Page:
Avoid high-fat and high-salt foods: Foods high in fat and salt (such as the kind easily found in airport food courts) can cause dehydration and make digestion take longer, adding to bloating. Instead, look for low-fat snacks and meal choices.
Consider taking a probiotic or colonic: These over-the-counter remedies are not laxatives and can help you stay regular while traveling. According to AOL Health, digestive enzymes and lactase supplements can help.
For long-haul flights:
Move around as much as possible: Whether you’re sitting in roomy first class or economy, it’s important to stand up and move around as much as possible during your long-haul flight. Doing so keeps the blood flowing and can prevent circulation issues.
Consider wearing compression socks: Known to combat DVT, compression socks are tight, knee-length socks that squeeze the calves, aiding circulation. Often recommended for pregnant women during air travel days, compression socks are useful for everyone.
Stay close to the airport: If you’ll have a long early morning commute the day of your flight, consider booking a room at an airport hotel instead. Almost all will offer a free shuttle to the airport in the morning, saving you on parking fees and giving you a few extra hours of sleep.
Adjust your body to a new time zone slowly: Ease the symptoms of jet lag by adjusting yourself to a different time zone. Starting a week before your trip, before bedtime, set your clock one hour closer to your destination’s time zone. The next night, set the clock ahead two hours, and so forth. By the time you leave, your sleep patterns will be more closely aligned to those appropriate for your destination.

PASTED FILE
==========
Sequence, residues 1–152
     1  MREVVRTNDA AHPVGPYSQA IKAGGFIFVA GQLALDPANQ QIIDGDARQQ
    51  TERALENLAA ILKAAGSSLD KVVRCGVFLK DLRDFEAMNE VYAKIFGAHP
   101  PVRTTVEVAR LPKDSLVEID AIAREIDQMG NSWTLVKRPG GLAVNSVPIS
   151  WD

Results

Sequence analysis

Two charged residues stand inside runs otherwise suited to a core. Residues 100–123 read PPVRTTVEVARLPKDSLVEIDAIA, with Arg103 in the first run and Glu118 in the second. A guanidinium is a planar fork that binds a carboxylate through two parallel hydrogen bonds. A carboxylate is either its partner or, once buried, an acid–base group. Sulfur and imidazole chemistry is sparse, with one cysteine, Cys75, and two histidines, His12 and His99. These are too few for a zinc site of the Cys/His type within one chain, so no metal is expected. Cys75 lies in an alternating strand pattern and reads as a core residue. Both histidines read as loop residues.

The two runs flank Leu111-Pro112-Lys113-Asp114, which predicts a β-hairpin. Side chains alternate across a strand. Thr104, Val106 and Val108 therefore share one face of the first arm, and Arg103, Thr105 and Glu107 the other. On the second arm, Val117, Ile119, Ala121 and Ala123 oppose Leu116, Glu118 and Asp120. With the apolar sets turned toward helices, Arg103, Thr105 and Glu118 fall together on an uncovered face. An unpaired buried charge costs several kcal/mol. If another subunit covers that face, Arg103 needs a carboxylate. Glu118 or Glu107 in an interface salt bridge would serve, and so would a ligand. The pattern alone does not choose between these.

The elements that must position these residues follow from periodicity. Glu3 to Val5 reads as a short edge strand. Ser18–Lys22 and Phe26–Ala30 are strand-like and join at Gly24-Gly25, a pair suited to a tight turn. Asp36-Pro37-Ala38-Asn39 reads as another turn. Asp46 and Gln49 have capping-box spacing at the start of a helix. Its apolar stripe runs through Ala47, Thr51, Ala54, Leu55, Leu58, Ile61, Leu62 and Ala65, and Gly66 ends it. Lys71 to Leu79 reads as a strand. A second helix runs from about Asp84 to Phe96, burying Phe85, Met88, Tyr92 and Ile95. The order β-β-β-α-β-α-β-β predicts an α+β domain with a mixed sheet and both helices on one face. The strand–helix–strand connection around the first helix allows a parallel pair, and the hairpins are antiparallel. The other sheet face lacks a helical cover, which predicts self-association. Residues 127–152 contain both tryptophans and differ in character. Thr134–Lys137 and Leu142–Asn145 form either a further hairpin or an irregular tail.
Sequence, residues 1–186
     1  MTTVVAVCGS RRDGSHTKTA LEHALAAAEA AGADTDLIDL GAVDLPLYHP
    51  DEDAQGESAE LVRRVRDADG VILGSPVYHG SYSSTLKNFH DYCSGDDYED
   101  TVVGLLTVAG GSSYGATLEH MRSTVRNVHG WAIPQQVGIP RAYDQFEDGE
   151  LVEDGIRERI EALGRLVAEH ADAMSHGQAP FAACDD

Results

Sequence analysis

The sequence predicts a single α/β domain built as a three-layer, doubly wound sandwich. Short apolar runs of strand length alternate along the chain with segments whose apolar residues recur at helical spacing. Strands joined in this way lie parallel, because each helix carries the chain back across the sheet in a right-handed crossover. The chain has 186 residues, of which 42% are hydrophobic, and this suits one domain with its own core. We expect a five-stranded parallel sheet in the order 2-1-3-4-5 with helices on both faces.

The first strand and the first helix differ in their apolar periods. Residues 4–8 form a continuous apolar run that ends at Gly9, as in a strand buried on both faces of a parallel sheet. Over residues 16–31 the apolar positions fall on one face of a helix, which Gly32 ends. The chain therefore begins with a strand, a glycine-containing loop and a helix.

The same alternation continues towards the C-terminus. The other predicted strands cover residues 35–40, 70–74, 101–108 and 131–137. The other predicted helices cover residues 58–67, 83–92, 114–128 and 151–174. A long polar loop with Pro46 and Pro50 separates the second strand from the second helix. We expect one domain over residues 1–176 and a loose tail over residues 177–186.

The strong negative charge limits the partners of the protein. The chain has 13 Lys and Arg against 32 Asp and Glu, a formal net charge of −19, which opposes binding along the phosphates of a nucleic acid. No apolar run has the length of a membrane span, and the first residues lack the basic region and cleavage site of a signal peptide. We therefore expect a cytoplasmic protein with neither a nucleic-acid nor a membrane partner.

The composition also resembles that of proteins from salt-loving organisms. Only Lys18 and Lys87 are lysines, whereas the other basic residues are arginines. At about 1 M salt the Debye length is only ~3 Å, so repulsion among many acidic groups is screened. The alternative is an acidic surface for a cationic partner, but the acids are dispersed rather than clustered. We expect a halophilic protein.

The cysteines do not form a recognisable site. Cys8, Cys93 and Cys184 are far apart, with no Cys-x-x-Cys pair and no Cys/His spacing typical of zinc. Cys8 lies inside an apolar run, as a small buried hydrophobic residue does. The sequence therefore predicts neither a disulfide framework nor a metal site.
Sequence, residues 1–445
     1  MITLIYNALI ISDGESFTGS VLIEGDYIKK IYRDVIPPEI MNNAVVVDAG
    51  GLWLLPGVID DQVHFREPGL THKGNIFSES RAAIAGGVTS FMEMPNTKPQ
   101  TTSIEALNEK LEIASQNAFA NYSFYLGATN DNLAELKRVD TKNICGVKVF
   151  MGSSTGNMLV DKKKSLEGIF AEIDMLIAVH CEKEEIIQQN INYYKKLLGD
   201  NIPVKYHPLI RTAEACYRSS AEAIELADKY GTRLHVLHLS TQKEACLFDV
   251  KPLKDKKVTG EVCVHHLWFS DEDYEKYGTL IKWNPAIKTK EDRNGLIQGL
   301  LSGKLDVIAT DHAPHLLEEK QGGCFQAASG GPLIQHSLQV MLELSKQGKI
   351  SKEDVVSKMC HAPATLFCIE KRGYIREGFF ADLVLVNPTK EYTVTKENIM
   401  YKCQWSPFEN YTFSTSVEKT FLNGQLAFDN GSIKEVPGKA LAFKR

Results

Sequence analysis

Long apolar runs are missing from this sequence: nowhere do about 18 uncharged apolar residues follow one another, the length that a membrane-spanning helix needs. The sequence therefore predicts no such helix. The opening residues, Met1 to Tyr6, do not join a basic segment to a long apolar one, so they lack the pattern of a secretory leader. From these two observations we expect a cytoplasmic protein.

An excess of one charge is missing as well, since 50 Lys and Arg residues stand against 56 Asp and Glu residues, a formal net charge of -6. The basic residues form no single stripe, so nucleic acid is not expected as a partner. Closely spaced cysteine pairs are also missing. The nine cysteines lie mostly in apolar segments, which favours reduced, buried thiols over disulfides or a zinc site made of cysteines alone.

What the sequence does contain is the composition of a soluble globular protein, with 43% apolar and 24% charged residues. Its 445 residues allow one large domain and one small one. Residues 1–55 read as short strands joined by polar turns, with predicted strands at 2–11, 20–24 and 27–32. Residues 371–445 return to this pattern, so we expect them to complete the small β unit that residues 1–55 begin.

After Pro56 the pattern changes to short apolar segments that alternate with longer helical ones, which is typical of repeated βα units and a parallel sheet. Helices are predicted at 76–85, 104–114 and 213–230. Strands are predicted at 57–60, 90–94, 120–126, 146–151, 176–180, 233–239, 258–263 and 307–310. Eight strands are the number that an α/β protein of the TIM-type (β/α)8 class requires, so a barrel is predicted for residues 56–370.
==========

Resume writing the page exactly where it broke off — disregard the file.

Consider natural sleep aids in flight: To aid sleep in flight, wear an eye mask to block out unwanted light along with noise-cancelling headphones. A travel pillow and travel-friendly blanket from home can also help. Bringing a comfort item from home adds to your sense of normalcy and well-being, which help you get needed rest.
If you still have concerns, don’t hesitate to speak to your physician or health-care specialist before traveling.
What to Do After Landing
Even if you weren’t able to prevent any of the symptoms common to travelers, there’s still much you can do after you land.
Get back on normal mealtimes as quickly as possible. The sooner you’re eating on a schedule, the faster you’ll have normal digestion and bowel movements as well. If possible, find foods that are familiar to you, and stick with bland choices until you’re back on track.
Expose yourself to plenty of sunlight. There are plenty of (unproven) remedies for jet lag, but experts agree that nothing beats sunlight. According to the Mayo Clinic, light influences the regulation of melatonin, a hormone that helps synchronize cells throughout the body. At night, the lack of light tells the pineal gland (in the brain) to release melatonin. During daylight hours, the pineal gland produces very little melatonin. Jump right into your day upon arrival in a new time zone, spending as much of it outdoors as you can.
Exercise. Exercise further signals to your body that it’s daytime, not bedtime, as it produces adrenaline in the body. Exercise also helps your body restore circulation, and the water you’ll drink afterward will give your digestion a healthy jump-start.
Whether you’re flying a long way or close to home, enjoy your next trip with added health benefits!